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Want your gourds to go away? Chuck those pumpkins to the critters
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Want your gourds to go away? Chuck those pumpkins to the critters

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A split-open pumpkin resting in the woods is like a neon “24-hour buffet” sign to all manner of wildlife.

Pumpkins are great. Whether we carve them up with scary faces for Halloween or stack them decoratively on bales of hay, nothing says fall quite like those colorful gourds.

But … then what?

Whether you’re the type to wait on Christmas decorating until after the wishbone from the Thanksgiving turkey has been snapped or you’re putting up the tree while the kids still have chocolate from trick-or-treating on their faces, the fact is, pumpkins tend to overstay their welcome.

That doesn’t mean they’re unwanted or unappreciated, though. There are at least a couple of good solutions for disposing of those quickly shriveling shapes.

Wildlife rehabilitators encourage keeping the pumpkins in the food supply, albeit not for humans.

“The flesh and seeds of pumpkins are eaten by all kinds of wildlife mammals, such as squirrels, raccoons, deer and foxes,” said Kathy Locker of WING IT, the Wildlife in Need Group in Tulsa. “And as a bonus, the seeds are a natural dewormer.”

The key is to create easy access for the critters to the goods inside the gourds.

“Pumpkins can be cut in pieces, or they can be chucked over your head and onto the hard ground, where they bust open, and the animals can get to the insides,” Locker said. “That’s the fun way.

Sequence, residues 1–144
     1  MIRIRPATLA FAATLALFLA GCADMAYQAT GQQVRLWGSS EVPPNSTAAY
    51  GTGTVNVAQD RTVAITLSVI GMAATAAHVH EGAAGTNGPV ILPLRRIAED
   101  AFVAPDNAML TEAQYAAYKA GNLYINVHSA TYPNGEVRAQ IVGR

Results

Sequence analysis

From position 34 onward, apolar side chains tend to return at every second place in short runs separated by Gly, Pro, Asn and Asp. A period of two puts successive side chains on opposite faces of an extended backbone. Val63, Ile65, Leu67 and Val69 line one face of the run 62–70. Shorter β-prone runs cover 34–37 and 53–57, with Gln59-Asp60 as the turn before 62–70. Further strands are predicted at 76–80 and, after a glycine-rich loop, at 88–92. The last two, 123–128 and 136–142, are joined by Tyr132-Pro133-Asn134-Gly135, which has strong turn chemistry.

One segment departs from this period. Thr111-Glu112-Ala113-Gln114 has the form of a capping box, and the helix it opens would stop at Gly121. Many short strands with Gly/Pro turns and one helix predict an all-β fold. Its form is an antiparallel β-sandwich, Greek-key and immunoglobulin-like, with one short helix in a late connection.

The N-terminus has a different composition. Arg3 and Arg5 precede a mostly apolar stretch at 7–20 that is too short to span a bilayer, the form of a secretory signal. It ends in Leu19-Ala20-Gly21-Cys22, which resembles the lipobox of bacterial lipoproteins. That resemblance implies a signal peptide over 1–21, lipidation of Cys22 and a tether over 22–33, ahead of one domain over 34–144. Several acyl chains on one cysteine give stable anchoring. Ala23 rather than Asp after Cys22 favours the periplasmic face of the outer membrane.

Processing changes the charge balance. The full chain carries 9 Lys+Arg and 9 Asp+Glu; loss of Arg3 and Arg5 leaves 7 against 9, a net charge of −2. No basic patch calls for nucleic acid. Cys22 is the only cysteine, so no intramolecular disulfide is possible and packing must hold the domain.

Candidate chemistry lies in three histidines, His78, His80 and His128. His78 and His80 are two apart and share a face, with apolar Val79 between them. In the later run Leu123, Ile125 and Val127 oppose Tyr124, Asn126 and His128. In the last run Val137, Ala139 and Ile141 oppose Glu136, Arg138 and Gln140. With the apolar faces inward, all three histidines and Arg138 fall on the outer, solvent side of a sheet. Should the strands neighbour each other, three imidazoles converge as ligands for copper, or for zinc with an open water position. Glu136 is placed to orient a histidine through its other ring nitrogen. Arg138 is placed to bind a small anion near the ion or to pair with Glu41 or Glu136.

“Birds also enjoy pumpkin,” she said. “For birds, you can cut the pumpkin into a bowl and put bird seed in it, as well as the pumpkin seeds.”

For feeding pumpkin seeds to the birds, you’ll want to dry them out first, Locker said.

“Even late-season butterflies and insects will enjoy the juices from pumpkins,” she added.

And while feeding wildlife is almost always a bad idea, because it can acclimate them to humans and make them dependent on us, this is one time to ignore the rules.

“Pumpkins are a once a year treat — not something regular,” Locker said. “And it’s best to choose a wild location far away from people.

“As the weather gets colder, food is harder to come by for the animals, so this is very welcomed.”

What isn’t welcome, even by animal standards, is a pumpkin past its prime or a toxic treasure.

“If they’re super squishy and moldy, it would be best to compost them,” Locker said. “You also don’t want to offer them to wildlife if the pumpkins have been painted or washed with bleach due to toxicity.”

So what do you do with pumpkins that even the critters can’t eat?

The Metropolitan Environmental Trust would be happy to take them.

During the month of November, the MET and Full Sun Composting are partnering for the Fourth Annual Great Pumpkin Rescue to collect holiday gourds, squash and pumpkins and keep them out of the trash.

Pumpkins can be dropped off for free at any of the seven participating MET recycling center locations, which are in Sand Springs at 105 E. Morrow Road; central and east Tulsa; Bixby; Broken Arrow; Coweta and Owasso.

Donors are asked to remove all decorations, such as candles, plastics or stickers. All pumpkins will be composted by Full Sun Composting.

For more information, call the MET at 918-584-0584 or send an email to met@metrecycle.com.

For more information about helping wildlife in the Tulsa area, follow WING IT’s Facebook page at facebook.com/wingintulsa.

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